In Sport Sponsorship, Sports Marketing

Unfortunately, in recent days we have had to read the latest in a series of cases where arrests in connection with false sports sponsorships and inflated invoices have come to light. This time the focus was on Formula 1 – where in some cases, more than 50 million euros was first collected in full, then moved on to English, Chinese and Italian banks, before then being converted into cash.

From the investigations, renamed the dramatic; “operation Ghost Castle“, the names of 30 companies of the Belpaese have emerged, some of which have used over-invoicing at a rate of 80% in the five-year period, 2011-2017.

The scandal is the latest in a series of curve balls launched at the sponsorship and sports marketing sector. Only a few months ago, the operation “Hidden Accounts” lead to the arrest of 5 people in Brianza and the investigation of another 82 for the issue of false invoices and the consequent reduction of the taxable amount in the motorsport sector pertaining specifically to rally and F1.

Also involved in the investigation was SIAS, the company of the Autodromo di Monza, who allegedly issued non-existent invoices for figures of over one million euros.

Let’s move to a place of clarity on this, and fast: false sports sponsorships, 1 to 3 invoices, inflated bills for the purpose of deductibility and horrendous cases of dodgy tax benefit schemes are the cancer of our trade and as is usually the case, the methods adopted by a deplorable few have put a passionate and hardworking industry in question.

In light of these recent scandals detailing unscrupulous methods and unsavoury under goings – serious operators and straight down the line agencies are being left to protect the integrity of their craft and uphold the reputation of their businesses.

Another travesty left in the wake of these revelations has been the overwhelming value of sports sponsorship as an instrument for brands and companies may now be seen as discredited. The reality remains that sports sponsorship continues to communicate with spanning reach across a multitude of target demographics with exceptional yield in results when considering sales and positioning.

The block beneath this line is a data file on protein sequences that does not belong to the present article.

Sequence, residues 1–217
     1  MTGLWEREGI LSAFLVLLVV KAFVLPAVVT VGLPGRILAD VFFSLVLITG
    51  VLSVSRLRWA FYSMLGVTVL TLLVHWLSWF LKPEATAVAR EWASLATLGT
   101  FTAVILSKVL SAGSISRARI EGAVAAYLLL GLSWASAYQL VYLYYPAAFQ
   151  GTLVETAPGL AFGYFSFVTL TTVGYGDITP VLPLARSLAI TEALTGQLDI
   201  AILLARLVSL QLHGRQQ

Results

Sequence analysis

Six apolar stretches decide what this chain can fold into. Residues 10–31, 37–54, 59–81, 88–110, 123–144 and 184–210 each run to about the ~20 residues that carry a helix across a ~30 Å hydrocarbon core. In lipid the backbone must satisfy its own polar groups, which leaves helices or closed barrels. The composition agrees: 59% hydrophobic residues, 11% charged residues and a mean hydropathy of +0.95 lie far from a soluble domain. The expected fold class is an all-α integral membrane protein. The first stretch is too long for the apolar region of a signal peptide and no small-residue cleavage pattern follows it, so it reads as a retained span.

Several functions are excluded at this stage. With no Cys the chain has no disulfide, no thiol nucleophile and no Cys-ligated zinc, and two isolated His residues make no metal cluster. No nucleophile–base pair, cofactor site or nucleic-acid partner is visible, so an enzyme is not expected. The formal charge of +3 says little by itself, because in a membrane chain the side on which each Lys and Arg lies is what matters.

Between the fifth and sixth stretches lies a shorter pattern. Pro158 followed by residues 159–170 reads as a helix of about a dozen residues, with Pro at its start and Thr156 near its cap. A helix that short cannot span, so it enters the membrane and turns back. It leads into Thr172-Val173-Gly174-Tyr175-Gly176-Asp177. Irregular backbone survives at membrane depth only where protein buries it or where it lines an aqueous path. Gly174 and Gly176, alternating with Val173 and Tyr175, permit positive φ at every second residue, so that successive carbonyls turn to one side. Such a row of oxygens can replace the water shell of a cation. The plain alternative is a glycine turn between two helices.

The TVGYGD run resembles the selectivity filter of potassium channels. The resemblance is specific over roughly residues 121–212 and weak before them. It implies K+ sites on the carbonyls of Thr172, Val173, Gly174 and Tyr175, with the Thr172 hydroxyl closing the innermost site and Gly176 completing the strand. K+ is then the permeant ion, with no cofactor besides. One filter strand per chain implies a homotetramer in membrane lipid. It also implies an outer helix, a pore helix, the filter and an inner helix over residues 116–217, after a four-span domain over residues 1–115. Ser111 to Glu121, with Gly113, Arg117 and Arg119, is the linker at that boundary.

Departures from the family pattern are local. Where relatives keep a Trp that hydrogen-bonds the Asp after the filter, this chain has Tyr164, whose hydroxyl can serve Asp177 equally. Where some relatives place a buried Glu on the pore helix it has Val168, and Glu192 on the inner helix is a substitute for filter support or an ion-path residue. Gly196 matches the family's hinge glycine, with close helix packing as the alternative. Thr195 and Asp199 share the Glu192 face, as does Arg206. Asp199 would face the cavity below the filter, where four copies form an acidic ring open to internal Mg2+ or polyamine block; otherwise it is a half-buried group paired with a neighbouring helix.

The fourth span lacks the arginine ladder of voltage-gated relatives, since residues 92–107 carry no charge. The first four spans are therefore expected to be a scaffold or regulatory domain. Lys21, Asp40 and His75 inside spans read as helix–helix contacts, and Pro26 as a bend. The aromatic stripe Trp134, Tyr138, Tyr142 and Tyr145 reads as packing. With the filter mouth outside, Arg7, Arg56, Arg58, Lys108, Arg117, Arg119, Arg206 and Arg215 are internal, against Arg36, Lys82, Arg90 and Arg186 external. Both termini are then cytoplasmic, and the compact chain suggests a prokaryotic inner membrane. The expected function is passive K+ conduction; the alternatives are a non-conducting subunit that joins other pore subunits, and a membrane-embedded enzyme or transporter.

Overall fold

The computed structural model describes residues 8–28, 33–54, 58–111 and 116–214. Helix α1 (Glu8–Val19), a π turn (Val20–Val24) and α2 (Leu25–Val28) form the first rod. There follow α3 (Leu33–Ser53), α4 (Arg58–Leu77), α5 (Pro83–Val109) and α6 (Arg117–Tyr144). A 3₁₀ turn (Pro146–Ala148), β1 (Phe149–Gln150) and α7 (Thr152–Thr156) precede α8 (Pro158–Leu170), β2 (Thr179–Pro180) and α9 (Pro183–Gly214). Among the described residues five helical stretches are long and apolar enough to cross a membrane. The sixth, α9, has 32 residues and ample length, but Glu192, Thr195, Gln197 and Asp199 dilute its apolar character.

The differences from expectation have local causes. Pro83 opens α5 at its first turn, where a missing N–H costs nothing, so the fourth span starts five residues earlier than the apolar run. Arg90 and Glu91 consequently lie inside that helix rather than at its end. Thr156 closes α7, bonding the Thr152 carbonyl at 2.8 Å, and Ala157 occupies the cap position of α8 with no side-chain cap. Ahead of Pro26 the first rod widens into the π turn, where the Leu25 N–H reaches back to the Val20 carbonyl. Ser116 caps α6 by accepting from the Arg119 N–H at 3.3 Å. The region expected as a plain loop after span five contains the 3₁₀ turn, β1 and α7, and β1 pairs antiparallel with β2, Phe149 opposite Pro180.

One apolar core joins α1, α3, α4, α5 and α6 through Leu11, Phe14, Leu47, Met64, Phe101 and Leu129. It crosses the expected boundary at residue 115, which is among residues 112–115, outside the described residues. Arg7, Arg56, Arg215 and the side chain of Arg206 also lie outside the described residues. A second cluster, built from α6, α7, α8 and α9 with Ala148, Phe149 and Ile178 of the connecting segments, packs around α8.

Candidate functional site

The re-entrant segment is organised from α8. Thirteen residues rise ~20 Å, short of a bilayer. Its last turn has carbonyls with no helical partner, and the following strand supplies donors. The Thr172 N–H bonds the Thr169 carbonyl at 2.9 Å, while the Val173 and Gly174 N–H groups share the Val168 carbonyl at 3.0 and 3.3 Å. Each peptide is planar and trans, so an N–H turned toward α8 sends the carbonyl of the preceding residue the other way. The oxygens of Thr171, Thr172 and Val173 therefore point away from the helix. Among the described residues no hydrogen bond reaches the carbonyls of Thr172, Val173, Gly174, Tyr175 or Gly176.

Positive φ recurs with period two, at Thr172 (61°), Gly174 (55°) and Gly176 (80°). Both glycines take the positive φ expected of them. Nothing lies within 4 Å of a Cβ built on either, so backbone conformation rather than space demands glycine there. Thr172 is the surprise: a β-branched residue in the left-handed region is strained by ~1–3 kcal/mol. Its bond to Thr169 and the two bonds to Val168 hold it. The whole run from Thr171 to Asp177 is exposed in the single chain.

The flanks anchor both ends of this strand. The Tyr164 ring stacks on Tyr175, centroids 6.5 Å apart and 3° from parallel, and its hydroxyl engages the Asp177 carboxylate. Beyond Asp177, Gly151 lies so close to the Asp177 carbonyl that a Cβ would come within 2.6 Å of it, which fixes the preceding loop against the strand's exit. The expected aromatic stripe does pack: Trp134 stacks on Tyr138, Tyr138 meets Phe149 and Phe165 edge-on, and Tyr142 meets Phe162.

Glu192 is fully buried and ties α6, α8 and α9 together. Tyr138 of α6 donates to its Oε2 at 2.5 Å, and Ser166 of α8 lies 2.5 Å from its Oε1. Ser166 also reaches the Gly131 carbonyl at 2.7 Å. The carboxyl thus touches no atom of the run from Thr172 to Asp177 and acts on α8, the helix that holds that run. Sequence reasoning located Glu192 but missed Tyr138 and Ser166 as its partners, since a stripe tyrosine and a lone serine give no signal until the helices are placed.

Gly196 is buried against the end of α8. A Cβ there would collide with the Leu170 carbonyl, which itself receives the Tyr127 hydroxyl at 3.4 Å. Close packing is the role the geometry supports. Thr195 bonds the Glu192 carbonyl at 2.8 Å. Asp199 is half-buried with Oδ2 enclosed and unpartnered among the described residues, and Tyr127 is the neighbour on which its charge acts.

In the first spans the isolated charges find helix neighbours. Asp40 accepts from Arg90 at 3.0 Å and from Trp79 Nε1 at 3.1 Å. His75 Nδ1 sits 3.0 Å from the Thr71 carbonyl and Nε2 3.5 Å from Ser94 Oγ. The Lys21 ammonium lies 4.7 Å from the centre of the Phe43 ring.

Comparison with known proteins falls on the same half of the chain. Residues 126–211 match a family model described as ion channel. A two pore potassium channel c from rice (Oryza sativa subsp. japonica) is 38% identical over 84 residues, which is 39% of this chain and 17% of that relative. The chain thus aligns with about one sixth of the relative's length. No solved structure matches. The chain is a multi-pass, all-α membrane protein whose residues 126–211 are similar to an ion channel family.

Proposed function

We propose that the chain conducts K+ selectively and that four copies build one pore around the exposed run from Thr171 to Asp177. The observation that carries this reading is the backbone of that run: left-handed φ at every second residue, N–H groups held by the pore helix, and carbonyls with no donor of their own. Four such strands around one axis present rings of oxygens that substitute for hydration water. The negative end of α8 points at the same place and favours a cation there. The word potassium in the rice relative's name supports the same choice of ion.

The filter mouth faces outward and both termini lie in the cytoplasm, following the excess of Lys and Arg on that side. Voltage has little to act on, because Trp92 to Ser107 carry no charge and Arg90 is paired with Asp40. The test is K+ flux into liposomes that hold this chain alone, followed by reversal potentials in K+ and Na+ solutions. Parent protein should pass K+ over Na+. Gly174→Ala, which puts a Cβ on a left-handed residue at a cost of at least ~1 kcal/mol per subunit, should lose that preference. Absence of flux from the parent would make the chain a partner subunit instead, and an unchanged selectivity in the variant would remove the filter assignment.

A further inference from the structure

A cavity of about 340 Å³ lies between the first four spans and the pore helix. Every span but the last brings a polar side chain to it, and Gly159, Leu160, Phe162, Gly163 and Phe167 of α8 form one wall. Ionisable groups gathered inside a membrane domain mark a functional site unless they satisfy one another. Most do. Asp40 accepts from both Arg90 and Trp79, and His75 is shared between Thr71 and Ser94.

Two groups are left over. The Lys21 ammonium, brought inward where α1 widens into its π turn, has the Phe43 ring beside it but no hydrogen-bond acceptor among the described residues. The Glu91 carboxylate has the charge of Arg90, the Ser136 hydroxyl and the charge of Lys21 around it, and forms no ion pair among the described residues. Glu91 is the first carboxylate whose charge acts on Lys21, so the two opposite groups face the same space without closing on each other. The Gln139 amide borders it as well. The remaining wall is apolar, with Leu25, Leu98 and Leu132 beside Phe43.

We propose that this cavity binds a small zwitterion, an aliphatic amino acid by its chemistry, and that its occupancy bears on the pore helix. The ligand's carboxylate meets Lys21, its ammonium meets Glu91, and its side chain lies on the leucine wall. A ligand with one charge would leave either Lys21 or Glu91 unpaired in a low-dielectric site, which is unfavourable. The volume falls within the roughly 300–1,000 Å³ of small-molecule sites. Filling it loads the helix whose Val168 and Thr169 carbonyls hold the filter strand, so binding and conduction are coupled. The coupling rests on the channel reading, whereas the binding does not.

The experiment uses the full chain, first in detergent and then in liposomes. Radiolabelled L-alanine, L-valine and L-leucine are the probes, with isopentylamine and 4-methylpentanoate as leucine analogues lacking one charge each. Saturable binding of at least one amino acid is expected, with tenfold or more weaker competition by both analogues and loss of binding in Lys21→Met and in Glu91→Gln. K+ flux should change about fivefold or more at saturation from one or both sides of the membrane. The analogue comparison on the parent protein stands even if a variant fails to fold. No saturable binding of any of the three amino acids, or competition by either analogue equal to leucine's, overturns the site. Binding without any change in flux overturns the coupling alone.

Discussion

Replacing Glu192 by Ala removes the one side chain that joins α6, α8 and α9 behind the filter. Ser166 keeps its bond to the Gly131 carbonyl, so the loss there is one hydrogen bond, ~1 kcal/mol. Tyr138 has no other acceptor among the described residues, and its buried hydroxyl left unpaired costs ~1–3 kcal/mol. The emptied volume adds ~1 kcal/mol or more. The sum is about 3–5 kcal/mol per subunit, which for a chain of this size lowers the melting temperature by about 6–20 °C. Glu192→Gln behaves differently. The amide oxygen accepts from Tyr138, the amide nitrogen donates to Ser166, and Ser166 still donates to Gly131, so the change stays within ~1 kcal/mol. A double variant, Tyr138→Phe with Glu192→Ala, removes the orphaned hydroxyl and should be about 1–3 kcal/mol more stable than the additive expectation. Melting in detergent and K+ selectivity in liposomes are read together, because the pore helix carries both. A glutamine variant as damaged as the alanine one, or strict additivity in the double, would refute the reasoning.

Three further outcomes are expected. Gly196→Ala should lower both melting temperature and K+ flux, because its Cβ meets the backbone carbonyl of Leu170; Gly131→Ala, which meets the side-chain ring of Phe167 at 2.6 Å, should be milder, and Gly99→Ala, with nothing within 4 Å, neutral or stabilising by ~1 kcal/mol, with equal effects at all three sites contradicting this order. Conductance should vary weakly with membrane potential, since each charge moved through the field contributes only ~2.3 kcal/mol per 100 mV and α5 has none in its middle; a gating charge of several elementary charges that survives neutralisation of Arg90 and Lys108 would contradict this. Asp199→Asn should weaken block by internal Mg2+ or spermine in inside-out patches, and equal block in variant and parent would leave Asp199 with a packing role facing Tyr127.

If we want to save the sector – not just sponsorships, but sports – there needs to be a decisive and definitive change in culture and practice. A hard and fast rule, mandatory in the case of those who act out of accordance with the law and reasonable ethics.

A culture of work, results and strategies. The culture shift needs to be one from the ground up, from the grassroot levels of the youth sectors.

The United States for example is a country that is not perfect, but banks, insurance companies, financial firms and entrepreneurs have understood that it is necessary to be alongside consumers “in the making”, and to be present during the journey if you want to be chosen when needed. This is why most school gyms, high school campuses and university campuses are well funded and that is why sports programs and facilities are supported at this level.

Finally, it is necessary to start looking at professionals, be they sports, marketing or management pros. It is necessary to look at sports with a corporate spirit, as a flourishing and constantly growing sector that has a lot to offer both to companies and people, even in terms of economic returns. 

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